A passenger takes off his shoes at a security check-point at Dulles International Airport .

Editor’s Note: Brett Snyder writes a weekly CNN.com travel column. Snyder is the founder of air travel assistance site Cranky Concierge, and he writes the consumer air travel blog The Cranky Flier.

Story highlights

Homeland Security secretary: Shoe rule may change "over time"

Government has yet to find an adequate way for scanning shoes

Snyder: We probably won't see any big changes for years

CNN  — 

There’s been a lot of talk lately suggesting that the era of taking your shoes off when you pass through airport security may be coming to an end. That sounds great, but I wouldn’t get too excited just yet.

This may be a ray of hope for those looking for a less burdensome air travel security experience, but it’s really just a tiny piece of what needs to be fixed with security. If it happens, it will only have a very slight impact on the overall experience.

The buzz was started by Secretary Janet Napolitano of the Department of Homeland Security.

At an event recently, she said that when it comes to air travel screening, “one of the first things you will see over time is the ability to keep your shoes on.”

Soon: Shoes stay on at airport security
00:59 - Source: HLN

So, will this be happening soon? I doubt it. Note the part that says “over time.”

You’ll remember that the rule requiring people to take their shoes off when they pass through security came after Richard Reid put explosives in his shoes and tried to light them in flight.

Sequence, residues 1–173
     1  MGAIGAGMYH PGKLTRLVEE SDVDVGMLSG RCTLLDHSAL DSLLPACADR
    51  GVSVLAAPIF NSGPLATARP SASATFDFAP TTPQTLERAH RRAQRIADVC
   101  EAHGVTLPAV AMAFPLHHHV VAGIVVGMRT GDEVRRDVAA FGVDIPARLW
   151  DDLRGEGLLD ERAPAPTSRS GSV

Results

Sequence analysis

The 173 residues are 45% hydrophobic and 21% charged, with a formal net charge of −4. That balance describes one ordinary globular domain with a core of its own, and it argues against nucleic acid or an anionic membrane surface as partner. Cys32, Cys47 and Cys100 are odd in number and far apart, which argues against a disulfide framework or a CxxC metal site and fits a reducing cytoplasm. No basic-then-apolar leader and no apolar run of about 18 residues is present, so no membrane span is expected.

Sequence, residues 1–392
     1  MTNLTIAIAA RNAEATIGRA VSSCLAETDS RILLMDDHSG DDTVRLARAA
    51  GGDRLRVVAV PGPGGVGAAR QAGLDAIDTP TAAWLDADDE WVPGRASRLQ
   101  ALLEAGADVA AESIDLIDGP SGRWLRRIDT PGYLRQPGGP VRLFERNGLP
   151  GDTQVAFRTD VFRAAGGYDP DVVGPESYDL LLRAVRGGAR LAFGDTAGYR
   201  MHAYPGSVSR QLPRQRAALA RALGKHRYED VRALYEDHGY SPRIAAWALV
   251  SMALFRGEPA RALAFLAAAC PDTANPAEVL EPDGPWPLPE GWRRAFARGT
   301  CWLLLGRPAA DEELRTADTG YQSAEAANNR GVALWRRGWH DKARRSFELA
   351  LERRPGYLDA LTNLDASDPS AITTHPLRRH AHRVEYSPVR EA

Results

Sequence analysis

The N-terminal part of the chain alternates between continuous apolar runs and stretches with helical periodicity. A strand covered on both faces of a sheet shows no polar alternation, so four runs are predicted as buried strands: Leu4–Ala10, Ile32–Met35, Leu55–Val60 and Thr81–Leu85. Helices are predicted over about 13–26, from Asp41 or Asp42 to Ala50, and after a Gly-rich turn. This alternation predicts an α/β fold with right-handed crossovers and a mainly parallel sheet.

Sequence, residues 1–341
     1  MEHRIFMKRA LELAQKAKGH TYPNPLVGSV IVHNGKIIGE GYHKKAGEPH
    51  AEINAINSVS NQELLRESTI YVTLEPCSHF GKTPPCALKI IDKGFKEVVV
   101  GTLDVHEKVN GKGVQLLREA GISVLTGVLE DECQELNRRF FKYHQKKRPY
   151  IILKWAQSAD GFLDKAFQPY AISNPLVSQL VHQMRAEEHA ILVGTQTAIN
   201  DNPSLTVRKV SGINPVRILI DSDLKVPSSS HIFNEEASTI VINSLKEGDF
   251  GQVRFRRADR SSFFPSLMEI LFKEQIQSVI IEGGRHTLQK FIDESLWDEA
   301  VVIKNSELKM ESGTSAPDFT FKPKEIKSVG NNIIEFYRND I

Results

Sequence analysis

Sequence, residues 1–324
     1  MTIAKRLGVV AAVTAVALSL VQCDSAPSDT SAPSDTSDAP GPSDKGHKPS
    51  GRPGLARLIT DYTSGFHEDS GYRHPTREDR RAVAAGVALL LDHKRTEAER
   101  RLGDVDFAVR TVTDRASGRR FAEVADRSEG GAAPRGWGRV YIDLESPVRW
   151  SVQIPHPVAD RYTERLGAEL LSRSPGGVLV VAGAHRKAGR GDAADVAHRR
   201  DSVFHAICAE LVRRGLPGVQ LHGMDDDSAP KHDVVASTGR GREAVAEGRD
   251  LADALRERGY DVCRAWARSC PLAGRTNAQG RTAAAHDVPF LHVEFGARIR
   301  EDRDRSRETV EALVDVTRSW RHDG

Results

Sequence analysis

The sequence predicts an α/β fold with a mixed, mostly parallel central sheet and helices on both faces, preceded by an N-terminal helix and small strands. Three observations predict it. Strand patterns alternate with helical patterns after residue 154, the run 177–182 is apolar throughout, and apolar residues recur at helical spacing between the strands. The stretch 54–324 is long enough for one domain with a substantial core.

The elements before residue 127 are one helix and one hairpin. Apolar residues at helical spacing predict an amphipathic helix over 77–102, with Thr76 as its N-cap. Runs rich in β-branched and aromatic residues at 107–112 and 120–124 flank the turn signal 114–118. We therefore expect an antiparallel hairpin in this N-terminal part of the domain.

He wasn’t successful at blowing up an airplane, but he was successful at making security screening more miserable. Traditional metal detectors couldn’t catch the explosives, so people were forced to put their shoes on the X-ray belt like everything else.

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Why is Napolitano now suggesting that this rule will end? The government has yet to find a technology it considers adequate for scanning shoes while they’re still on people’s feet.

Until that happens, I simply can’t imagine any change happening. Maybe this means that a new technology is on the horizon, but we’ve seen that song and dance before. (Remember the puffer machines?)

This sounds like a lot of talk with no real timeline in sight other than some vague promises down the line. Even if it does happen, will it improve the screening experience enough?

In the same breath, Napolitano also said, “one of the last things you will probably see is a reduction or removing the limitation on liquids.”


So you might be able to keep your shoes on, but you’ll still have to pull your laptop out of your bag, limit yourself to a quart-size bag filled with 3-ounce liquids and subject yourself to a variety of screening techniques that use multiple types of machines with seemingly arbitrary rules at every airport.

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Some believe that making security more pleasant will help spur more people to travel. That might be the case if the process speeds up enough to make it worth considering air travel for shorter flights that may not be as competitive with the car today. But just allowing someone to keep his shoes on won’t make much of a difference.

Until there is widespread belief that there is a convenient, non-intrusive security method that keeps our skies safe, then the number of people willing to travel won’t change.

Something tells me we aren’t going to see any big changes like this for years and years.